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Museumsdorf Niedersulz is an open-air museum in Austria that displays traditional buildings and architecture from the Weinviertel. It is located in the village of Sulz im Weinviertel, about 45 km north of Vienna in the province of Lower Austria. The Museumsdorf Niedersulz has over 80 original buildings and structures that have been transported from their original sites.
The Village-Museum of Niedersulz is the largest open-air museum in Lower Austria and was founded in 1979. It consists of 80 historical buildings. Taken from around the region, these were torn down and rebuilt here from their original parts.
The Village-Museum is laid out in the form of a row-village. This is a traditional form of settlement set along a stream going back to the year 1000 AD. The houses along Village Street (Dorfstraße) are rectangular in shape. They consist of a housing unit, a stable, an oblong shed and an out-building which also delineates the back side of the piece of property.
In addition to the main attraction of the buildings themselves some of the crafting buildings operate on weekends to give demonstrations of traditional rural crafts and techniques. In on the building complexes there are also farmyard animals.
Typical Types of Houses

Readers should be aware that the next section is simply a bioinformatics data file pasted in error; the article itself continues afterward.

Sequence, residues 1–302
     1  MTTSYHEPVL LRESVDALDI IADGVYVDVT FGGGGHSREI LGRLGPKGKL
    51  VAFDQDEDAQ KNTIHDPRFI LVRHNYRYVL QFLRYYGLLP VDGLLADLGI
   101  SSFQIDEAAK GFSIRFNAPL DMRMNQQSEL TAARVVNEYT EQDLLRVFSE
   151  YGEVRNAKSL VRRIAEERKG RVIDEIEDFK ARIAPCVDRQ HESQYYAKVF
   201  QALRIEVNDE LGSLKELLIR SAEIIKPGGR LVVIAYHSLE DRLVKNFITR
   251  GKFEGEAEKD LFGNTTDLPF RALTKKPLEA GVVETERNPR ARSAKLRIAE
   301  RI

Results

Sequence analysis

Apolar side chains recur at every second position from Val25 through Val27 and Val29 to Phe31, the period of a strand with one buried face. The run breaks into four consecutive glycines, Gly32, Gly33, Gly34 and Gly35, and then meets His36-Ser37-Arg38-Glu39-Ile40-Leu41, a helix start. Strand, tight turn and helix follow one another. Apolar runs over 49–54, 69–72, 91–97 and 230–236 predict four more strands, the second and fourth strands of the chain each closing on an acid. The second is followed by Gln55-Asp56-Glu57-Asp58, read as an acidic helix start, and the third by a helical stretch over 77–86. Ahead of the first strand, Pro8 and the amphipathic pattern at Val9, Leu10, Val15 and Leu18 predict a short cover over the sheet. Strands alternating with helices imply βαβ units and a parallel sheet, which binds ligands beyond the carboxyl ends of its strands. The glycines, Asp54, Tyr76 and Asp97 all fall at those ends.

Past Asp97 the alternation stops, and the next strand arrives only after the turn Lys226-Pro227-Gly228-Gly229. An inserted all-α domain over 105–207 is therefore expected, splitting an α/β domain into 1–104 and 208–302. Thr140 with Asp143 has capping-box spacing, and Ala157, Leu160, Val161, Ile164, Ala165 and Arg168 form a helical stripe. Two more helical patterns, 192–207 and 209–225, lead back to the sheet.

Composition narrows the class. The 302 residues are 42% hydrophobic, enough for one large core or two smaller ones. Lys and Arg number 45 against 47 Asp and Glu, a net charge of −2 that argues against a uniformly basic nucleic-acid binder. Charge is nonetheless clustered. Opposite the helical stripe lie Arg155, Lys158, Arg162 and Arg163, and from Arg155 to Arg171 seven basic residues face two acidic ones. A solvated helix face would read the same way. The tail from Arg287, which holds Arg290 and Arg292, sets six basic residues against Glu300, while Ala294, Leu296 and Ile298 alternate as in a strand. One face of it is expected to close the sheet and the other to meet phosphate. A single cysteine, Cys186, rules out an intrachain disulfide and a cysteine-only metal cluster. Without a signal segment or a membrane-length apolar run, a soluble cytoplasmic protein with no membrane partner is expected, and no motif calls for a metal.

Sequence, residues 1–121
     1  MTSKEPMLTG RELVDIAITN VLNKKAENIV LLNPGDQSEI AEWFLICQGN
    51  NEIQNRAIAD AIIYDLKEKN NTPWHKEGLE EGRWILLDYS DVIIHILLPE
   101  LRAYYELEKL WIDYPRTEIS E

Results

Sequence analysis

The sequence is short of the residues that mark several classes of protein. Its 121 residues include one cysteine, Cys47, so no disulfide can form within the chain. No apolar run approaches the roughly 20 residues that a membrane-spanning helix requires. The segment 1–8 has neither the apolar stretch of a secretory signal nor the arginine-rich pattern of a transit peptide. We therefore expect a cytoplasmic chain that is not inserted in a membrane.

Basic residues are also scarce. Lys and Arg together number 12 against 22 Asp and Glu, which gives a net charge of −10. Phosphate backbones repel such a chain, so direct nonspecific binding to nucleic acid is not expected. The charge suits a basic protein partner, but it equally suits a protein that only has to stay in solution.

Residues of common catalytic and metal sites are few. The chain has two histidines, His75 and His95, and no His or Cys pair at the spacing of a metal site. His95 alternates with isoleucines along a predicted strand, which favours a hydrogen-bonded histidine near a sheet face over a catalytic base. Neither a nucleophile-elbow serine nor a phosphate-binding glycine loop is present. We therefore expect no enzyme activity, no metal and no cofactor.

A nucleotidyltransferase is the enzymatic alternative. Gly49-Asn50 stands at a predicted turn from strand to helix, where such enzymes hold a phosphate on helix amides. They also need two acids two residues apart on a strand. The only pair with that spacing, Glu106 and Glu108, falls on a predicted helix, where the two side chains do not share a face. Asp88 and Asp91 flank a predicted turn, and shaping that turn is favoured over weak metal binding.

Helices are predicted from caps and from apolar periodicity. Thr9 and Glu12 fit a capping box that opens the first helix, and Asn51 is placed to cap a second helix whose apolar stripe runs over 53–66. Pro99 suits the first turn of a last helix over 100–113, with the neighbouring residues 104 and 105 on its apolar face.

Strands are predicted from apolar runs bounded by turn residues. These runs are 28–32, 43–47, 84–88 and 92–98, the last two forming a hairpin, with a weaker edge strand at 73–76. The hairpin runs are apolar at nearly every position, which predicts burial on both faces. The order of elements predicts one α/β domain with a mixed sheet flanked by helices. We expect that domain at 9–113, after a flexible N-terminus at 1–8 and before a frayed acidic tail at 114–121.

- Streckhof: The Streckhof (long, straight) type is the original form of house. The gabled side of the house faces the street. The rooms are laid out next to each other under one roof and each can be entered from the outside of the building.
- Zwerchhof: The Zwerchhof (L-shaped) type of house included a larger Streckhof-type structure with an adjacent row of stalls for livestock, each stall facing out onto a covered walkway. This is how the L-shaped floor plan developed.
- Doppelhakenhof: The Doppelhakenhof (U-shaped, lit. double-hook) type of house is a further development from the Zwerchhof. A large shed is attached to the row of stalls, creating a U-shaped floor plan.
- Kleinhäuslerhaus (lit. small house owned by a person of the ‘small house’ rank of society): This house is significantly younger than the classic styles of houses. It was the home of lower levels of society and often consisted of only one structure. It looked like the main part of a farmhouse.
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